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Better Wine by the Glass

December 20, 2009

It feels like forever ago, but it was only back in June when I first wrote about the problems of ordering wine by the glass.

Since then, I had a reasonably and unexpectedly positive experience with ordering a glass of wine at a family-style Italian restaurant in Albany. Actually it was my mother who ordered the glass of wine, despite my protestations.  But that one decent glass gave me the hope to carry on.

Although I am afraid that hope was misplaced.

Recently I was at a fancier local restaurant with a significant wine program and thought I’d try a glass of their Sonoma County pinot noir.  It did not work out very well.  But it was not an entire loss.  I left that evening with a few additional strategies for how to get a good glass of wine when dining out.

First let me tell you a bit about the sad story of the pinot noir.

I swirled the wine around in the glass and took a deep whiff, only to find a big nose full of nothing.  Then I took a sip, to taste that signature California fruit, and came up empty.

With my trusty iPhone, I went and looked up tasting notes for this wine.  Could it be that I just ordered some stinker that the restaurant put on its list to make a buck?  Nope.  All reports said that this was actually a delightful wine.  That it exhibited tons of alluring character and charm, none of which were present in this glass.

I usually do not complain.  Generally I do not send things back.

But each passing sip of this wine just made me grumpier and grumpier.  And I realized that this was ridiculous.  The wine should be a pleasure, not a punishment.  So I called to the bartender, and I asked him:

F: Has this bottle been open for a long time?
B: No.  I just opened it in the last two hours.

Hmm.  I’m inclined to give people the benefit of the doubt.  But that wine was so vanquished of fruit and character it seemed like it must have been open for significantly longer.  Still, if that wasn’t the problem, I thought I would try again.  So I asked the bartender:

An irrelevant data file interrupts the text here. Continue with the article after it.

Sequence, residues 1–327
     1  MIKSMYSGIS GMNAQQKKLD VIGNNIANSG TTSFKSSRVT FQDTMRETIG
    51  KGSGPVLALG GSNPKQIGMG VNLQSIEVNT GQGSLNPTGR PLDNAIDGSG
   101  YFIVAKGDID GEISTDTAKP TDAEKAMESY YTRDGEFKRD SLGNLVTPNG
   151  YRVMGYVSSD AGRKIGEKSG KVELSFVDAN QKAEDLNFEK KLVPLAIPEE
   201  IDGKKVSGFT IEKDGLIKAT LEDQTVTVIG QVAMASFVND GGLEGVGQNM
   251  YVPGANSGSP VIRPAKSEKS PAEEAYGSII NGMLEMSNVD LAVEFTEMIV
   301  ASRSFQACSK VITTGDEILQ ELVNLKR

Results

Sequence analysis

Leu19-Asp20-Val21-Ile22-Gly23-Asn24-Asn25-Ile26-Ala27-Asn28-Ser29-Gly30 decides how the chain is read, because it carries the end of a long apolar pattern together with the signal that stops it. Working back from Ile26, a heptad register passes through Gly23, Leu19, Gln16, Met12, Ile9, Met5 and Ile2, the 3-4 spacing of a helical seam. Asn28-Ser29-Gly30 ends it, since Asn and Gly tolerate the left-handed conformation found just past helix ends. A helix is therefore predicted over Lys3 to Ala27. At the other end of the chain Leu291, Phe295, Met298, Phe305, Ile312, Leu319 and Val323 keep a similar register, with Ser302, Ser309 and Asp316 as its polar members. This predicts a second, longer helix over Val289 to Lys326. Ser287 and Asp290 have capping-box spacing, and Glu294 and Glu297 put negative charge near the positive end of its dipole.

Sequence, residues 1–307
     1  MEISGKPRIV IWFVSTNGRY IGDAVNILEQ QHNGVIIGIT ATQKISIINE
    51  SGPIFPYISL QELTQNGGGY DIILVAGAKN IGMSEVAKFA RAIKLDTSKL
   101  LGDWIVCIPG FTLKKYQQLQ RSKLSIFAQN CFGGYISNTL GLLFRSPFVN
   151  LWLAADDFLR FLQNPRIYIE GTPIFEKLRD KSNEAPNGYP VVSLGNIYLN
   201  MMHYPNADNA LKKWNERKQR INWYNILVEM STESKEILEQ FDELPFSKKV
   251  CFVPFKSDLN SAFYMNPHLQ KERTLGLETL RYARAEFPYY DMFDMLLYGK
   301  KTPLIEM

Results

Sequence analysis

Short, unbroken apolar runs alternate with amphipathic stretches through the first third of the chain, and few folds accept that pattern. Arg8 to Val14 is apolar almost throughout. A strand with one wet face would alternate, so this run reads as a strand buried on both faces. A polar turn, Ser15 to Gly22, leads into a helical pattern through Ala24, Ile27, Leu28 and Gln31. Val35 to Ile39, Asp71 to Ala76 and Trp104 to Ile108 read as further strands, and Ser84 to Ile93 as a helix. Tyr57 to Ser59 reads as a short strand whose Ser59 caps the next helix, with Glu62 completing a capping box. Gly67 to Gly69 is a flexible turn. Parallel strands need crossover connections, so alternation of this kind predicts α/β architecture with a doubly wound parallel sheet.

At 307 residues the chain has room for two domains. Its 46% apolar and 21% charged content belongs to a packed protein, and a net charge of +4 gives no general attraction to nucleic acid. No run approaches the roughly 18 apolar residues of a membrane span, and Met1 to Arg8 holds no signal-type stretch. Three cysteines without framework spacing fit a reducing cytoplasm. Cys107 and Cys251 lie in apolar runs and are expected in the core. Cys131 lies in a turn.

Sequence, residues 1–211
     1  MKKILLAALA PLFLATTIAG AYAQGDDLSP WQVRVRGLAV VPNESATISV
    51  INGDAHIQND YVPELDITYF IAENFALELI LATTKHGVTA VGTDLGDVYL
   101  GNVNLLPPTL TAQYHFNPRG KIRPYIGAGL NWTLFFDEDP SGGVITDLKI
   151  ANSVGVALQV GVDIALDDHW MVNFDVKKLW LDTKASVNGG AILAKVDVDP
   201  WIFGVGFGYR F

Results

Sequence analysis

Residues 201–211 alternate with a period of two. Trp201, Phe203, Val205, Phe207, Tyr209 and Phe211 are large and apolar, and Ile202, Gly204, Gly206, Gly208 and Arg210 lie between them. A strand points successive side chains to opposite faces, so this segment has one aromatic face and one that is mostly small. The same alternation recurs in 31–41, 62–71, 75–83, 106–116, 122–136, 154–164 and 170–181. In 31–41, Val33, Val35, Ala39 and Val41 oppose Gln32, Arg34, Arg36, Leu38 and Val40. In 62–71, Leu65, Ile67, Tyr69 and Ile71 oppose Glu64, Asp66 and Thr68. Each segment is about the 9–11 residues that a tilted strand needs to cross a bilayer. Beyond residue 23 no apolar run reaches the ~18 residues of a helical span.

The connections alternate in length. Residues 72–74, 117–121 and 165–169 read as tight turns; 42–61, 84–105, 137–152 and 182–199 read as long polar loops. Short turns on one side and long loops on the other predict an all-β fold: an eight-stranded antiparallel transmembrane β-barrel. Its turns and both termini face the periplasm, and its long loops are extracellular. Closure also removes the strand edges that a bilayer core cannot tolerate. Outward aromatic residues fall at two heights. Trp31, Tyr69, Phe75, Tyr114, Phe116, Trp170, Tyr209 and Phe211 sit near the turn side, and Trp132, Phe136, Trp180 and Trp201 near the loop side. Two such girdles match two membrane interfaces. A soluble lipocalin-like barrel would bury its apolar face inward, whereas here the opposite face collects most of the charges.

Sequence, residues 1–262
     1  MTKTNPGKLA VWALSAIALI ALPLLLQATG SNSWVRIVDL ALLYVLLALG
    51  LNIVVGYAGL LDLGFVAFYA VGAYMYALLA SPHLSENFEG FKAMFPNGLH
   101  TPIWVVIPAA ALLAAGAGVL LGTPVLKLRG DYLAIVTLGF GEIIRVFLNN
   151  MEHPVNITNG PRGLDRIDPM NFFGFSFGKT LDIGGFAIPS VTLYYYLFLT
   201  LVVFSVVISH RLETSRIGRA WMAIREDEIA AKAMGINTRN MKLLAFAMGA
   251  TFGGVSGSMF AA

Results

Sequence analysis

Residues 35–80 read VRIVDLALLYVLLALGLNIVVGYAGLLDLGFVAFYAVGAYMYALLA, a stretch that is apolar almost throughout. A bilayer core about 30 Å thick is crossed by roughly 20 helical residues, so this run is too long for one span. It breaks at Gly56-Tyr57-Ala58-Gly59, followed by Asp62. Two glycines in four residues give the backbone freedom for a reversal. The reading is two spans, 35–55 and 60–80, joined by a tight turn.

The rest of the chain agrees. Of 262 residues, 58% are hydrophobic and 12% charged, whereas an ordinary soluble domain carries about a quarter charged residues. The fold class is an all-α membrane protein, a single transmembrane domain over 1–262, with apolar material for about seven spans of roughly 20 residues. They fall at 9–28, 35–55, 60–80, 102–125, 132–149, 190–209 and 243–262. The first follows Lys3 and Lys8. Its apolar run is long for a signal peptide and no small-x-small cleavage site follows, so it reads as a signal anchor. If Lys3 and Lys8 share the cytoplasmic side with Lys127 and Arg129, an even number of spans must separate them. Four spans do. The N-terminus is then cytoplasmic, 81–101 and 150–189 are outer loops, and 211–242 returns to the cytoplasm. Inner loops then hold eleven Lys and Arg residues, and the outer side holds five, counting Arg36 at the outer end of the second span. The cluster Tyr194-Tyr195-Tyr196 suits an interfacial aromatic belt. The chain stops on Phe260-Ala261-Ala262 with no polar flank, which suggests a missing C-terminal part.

F: Could you taste this wine?  It seems off to me.
B: Sure.  [Tastes the wine.]  It tastes fine to me, but if you’d like a glass of something different, I’d be happy to get you one.

Really?  Fine to you?  In my mind, that is a much larger problem.  But I was satisfied with the result.  I returned my glass of wine, and was about to get another.  This time, I went for a warming zinfandel.

And this time, the bartender did something clever.  He poured me a taste, before pouring me the glass.

Because you know what?  This wine also tasted like it had been open for far too long.  But because it was a heartier wine, it still had some of its character remaining.  So, I told him it was better, and enjoyed that glass as best as I could.

Perhaps the bartender snickered to himself, thinking me foolish for accepting one long-opened bottle after rejecting another.  But we already know a thing or two about that fellow.

The thing that kills me is that not everyone is as self-assured in their wine knowledge as I am.  And I have to wonder, how many people are drinking that long-opened pinot noir and thinking that this is what the wine tastes like?  How many people are opening themselves up to the adventure of wine for the first time, only to come away thinking they don’t know what all the fuss is about?

I find it very frustrating.

But the golden lining is that I came away reminded of two more helpful tips for ordering wine by the glass.
1)    Ask for a taste of the wine.  The worst that will happen is they’ll say no.
2)    Go for sturdier wines that can withstand the rigors of being open for a while.

I think my mother’s earlier success had to do with getting a glass of cheap zinfandel at the Italian restaurant.  Those big red wines can take a lot of abuse.  Shiraz and cabernet sauvignon would be my other go-to varietals if I were unsure of the care taken by a restaurant with its wines by the glass.

But I’d still try to ask for a taste first.

2 Comments leave one →
  1. Annie permalink
    December 22, 2009 7:26 pm

    Where on my trusted iphone do I have tasting notes? Please tell!

  2. December 22, 2009 11:57 pm

    Best (almost) local wine-by-the-glass selection: the CIA in New Paltz. Really very good, and excellent value at $5/glass.

    We need more Albany friends who care enough about wine to make opening the good stuff worthwhile :)

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